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Nietzsche's Zarathustra

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Overview

Nietzsche's Zarathustra takes an interdisciplinary approach to Nietzsche's Thus Spoke Zarathustra, focusing on the philosophical function of its literary techniques and its fictional mode of presentation. It argues that the fictional format is essential to Nietzsche's philosophical message in his work. Part of that message is Nietzsche's alternative to the Western worldview as developed by Plato's dialogues and the Christian Gospel, which he presents through the teachings of his hero, Zarathustra. Another part of...

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Nietzsche's Zarathustra

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Overview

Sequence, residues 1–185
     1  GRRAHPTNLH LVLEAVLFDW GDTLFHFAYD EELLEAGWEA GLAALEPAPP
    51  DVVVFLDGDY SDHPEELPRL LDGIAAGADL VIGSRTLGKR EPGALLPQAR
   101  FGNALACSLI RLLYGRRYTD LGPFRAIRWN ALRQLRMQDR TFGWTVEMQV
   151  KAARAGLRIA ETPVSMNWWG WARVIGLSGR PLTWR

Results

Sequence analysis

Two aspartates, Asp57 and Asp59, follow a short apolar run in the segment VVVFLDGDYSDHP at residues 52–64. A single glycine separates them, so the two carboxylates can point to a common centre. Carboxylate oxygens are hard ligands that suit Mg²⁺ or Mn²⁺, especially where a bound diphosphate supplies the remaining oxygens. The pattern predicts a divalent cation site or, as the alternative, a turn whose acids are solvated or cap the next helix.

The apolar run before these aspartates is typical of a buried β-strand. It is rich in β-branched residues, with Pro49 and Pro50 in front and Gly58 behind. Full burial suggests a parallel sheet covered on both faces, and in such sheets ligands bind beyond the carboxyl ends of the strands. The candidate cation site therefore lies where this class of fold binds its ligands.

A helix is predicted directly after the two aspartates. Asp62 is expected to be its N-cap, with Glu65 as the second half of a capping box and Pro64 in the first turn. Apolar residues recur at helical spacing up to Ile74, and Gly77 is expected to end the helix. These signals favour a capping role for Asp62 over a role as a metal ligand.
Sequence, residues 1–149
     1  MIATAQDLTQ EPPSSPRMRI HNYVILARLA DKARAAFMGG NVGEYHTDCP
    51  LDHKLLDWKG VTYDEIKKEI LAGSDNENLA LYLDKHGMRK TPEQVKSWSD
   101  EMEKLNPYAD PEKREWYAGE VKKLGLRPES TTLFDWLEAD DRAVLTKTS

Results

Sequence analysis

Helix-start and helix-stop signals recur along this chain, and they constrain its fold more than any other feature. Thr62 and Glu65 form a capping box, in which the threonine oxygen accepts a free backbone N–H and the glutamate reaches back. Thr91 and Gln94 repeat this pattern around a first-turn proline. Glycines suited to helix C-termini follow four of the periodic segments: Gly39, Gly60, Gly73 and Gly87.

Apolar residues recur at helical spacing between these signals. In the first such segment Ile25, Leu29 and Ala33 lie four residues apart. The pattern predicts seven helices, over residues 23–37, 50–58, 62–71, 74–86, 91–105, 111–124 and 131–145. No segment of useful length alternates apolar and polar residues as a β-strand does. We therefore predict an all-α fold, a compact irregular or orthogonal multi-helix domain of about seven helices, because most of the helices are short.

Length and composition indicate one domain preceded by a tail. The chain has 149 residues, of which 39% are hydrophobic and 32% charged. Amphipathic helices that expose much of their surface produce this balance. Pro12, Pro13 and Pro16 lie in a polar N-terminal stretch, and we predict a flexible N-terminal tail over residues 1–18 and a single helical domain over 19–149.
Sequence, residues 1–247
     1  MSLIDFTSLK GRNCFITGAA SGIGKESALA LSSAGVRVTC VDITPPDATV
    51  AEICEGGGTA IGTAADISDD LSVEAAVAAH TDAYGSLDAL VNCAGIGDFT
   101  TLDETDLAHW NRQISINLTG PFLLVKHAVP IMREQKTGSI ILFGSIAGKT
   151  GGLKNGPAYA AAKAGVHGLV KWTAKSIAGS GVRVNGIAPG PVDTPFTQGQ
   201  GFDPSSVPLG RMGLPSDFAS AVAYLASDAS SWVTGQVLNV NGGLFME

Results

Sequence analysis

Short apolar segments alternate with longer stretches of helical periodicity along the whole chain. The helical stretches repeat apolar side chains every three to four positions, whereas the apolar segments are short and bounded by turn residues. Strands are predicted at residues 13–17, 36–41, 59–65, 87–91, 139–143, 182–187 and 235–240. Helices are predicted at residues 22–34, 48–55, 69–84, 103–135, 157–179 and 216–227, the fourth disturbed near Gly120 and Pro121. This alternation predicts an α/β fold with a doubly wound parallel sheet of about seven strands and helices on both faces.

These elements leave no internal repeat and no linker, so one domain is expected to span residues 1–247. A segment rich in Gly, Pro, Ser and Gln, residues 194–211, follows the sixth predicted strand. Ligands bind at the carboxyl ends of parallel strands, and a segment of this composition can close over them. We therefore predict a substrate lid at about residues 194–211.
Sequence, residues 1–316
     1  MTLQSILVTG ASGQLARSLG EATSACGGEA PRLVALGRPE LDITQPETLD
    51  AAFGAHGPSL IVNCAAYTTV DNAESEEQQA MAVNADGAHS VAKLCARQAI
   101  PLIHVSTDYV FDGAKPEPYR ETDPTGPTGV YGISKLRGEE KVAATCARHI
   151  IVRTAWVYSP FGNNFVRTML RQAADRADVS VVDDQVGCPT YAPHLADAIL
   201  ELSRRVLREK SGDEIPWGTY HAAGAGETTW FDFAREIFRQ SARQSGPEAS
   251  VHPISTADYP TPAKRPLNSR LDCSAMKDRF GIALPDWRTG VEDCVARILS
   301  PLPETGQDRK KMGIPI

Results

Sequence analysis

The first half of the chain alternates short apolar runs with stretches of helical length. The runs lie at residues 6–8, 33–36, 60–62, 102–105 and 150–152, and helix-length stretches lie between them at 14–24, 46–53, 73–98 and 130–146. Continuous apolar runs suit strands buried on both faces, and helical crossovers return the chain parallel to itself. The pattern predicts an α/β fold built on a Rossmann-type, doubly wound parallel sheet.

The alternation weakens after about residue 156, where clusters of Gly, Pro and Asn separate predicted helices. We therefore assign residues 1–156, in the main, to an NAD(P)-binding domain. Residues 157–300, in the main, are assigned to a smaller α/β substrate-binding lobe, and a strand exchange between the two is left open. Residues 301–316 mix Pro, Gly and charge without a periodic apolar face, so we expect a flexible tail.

Nietzsche's Zarathustra takes an interdisciplinary approach to Nietzsche's Thus Spoke Zarathustra, focusing on the philosophical function of its literary techniques and its fictional mode of presentation. It argues that the fictional format is essential to Nietzsche's philosophical message in his work. Part of that message is Nietzsche's alternative to the Western worldview as developed by Plato's dialogues and the Christian Gospel, which he presents through the teachings of his hero, Zarathustra. Another part of that message is that any doctrine, including those of Zarathustra himself, has an ambivalent nature. Although doctrinal formulations are designed to preserve and communicate philosophical insights, they can become dead formulas, out of touch with the live philosophical discoveries that they aimed to capture. Thus Spoke Zarathustra explores Zarathustra's own vulnerability to this risk, and his way of regaining real connection with living wisdom. The doctrine of eternal recurrence, which is particular prominent in Zarathustra, is a case in point. The doctrine is offered in opposition to the worldview that Nietzsche associates with the Christian doctrine of sin, which in his view promotes a view of this life as devoid of intrinsic value. However, certain ways of adhering to this doctrine themselves rob life of its value. The book also defends the importance of Part IV of Thus Spoke Zarathustra, which many scholars have seen as unimportant by comparison with the first three parts. Nietzsche's Zarathustra argues that Part III would not have been a culmination for the work, and that Part IV is essential to Nietzsche's project. Part IV's allusions to Apuleius' The Golden Ass, an ancient Menippean satire, suggest that it should be read as a satire in which Zarathustra falls into and recovers from folly. It is thus the culminating statement of the point that there is always a discrepancy between the living philosophical insight and any attempt to articulate it